JOHN ELDER ROBISON: BEING DIFFERENT IS THE SOURCE OF EXCEPTIONALITY
Posted by Ognian Georgiev
Raising Cubby by John Elder Robison is one of those books that touches you deeply. It’s about a very different world and entirely different experience in growing up a kid. Our next guest is showing the amazing point of view by an autistic. Great thanks to Lauren Kuhn for her assistance of completing the interview.
– What is your memoire Raising Cubby about?
– Raising Cubby is the story of my son and I – a different kid and a different dad – growing up together. It’s the joy and fun of childhood and the challenges and threats that confront us as we get older.
– How did you decide to write the story?
– I felt my book Look Me in the Eye told the story of my own life, growing up with autism. Be Different shows readers how to be successful because of – not in spite of – autism. What I had not done was tell the story of parenting; raising a child. That is Raising Cubby.
– What was the biggest challenge during the write up process?
– The biggest challenge was deciding what to include in a 100,000-word book, and what to leave out. 100,000 words sounds like a lot, but in the context of all the things that happen in one’s life it barely scratches the surface.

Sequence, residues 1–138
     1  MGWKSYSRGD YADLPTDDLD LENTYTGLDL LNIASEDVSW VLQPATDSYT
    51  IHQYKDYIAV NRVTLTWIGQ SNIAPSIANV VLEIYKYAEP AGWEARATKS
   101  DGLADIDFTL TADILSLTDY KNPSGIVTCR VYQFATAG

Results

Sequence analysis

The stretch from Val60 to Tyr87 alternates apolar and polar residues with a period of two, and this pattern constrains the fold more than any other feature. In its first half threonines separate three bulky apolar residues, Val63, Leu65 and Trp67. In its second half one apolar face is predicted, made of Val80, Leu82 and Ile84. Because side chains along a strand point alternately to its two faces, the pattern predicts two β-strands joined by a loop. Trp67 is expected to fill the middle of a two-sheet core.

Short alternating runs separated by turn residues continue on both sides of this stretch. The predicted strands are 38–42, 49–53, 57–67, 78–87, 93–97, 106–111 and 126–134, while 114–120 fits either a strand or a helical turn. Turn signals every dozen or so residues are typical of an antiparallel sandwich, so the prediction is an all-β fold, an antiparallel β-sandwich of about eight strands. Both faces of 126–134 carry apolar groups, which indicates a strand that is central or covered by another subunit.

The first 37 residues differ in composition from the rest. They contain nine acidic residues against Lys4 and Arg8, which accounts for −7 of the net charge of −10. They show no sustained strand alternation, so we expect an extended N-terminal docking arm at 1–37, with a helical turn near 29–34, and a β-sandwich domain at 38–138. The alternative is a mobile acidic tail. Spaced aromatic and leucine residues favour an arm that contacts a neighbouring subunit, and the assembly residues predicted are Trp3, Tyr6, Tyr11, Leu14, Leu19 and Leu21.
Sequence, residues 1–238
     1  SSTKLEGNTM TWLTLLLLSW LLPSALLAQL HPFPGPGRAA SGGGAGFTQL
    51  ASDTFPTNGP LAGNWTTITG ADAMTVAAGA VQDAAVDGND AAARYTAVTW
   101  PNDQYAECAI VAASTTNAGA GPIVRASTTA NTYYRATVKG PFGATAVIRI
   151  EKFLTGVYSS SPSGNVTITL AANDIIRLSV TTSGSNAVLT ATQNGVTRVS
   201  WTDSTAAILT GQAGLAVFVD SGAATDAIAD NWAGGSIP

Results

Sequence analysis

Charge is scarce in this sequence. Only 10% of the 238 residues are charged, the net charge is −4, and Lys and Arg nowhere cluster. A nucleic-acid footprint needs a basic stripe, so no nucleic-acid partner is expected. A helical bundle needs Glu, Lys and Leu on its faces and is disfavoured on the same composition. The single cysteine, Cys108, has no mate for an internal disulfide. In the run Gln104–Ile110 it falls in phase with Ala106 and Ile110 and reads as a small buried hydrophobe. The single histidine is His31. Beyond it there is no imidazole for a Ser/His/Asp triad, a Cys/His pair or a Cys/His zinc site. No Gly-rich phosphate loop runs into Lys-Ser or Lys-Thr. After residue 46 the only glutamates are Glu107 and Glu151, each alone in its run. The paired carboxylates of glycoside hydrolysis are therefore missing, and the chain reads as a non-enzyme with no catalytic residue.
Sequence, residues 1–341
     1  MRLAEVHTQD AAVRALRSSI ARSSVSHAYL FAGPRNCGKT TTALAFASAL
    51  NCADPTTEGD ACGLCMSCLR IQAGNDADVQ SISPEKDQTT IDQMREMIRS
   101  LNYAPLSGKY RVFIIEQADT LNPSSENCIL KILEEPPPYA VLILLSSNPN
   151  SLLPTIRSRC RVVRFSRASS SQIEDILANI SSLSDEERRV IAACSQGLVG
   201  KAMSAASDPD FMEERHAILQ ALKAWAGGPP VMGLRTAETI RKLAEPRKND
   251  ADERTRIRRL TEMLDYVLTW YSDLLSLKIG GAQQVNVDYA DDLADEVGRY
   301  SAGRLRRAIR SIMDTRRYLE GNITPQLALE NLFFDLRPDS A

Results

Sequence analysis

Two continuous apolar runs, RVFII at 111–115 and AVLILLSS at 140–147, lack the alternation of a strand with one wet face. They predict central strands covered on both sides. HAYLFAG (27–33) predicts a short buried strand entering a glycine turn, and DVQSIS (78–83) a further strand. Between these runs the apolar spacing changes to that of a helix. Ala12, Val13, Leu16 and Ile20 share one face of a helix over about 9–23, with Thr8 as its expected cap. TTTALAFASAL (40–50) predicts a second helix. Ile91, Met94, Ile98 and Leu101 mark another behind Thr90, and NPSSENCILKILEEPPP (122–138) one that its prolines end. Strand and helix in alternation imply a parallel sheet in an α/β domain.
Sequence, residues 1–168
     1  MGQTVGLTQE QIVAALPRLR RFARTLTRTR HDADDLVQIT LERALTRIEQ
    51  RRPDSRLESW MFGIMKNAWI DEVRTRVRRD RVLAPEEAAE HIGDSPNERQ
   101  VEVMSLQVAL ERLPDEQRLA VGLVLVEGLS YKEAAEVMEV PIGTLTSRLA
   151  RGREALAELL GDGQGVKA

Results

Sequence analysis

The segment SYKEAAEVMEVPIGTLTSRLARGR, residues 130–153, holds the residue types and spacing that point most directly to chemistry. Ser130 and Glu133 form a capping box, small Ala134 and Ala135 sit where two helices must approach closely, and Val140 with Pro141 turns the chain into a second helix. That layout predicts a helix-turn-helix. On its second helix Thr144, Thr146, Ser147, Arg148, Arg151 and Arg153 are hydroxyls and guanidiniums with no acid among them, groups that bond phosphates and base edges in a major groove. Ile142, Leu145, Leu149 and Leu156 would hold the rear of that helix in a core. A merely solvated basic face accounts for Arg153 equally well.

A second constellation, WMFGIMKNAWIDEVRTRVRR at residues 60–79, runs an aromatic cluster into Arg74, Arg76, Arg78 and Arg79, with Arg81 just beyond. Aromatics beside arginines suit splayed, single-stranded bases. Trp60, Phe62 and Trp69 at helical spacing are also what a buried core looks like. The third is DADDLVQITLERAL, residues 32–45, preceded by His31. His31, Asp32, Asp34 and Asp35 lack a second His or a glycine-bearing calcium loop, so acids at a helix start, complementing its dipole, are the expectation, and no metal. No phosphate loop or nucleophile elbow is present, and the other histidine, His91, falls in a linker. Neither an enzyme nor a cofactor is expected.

– How tough was for you to describe yourself and your son as the main characters?
– It’s not tough at all; it’s just telling the story of our lives. I have always been a storyteller, and describing places I’ve been or things I’ve done comes naturally to me. Luckily I have had experiences that readers find interesting or entertaining, too!
– How much time did you need to finish the story and to publish it?
– I wrote the draft of the book in about three months. Then it took me about six months to do a rewrite, and another few months passed in editing.
– Look Me in the Eye is the first part of your life memoire. Did you expect such positive feedback and how do you feel when you read readers’ opinions on how much the book touched them?
– My books have generated far more positive feedback than I ever imagined. I am always pleased and honored to read that my words have had positive impact on others.
– Who are you?
– I’m a 57 year old guy who grew up autistic, in a time when autism was not well recognized. My differences disabled me in many ways – especially as a child – but they also made me exceptional in other ways, and facilitated my success in music, cars, and writing. Today I am a small business owner, a family man, a photographer and writer, a car, boat, motorcycle and tractor enthusiast, and many other things.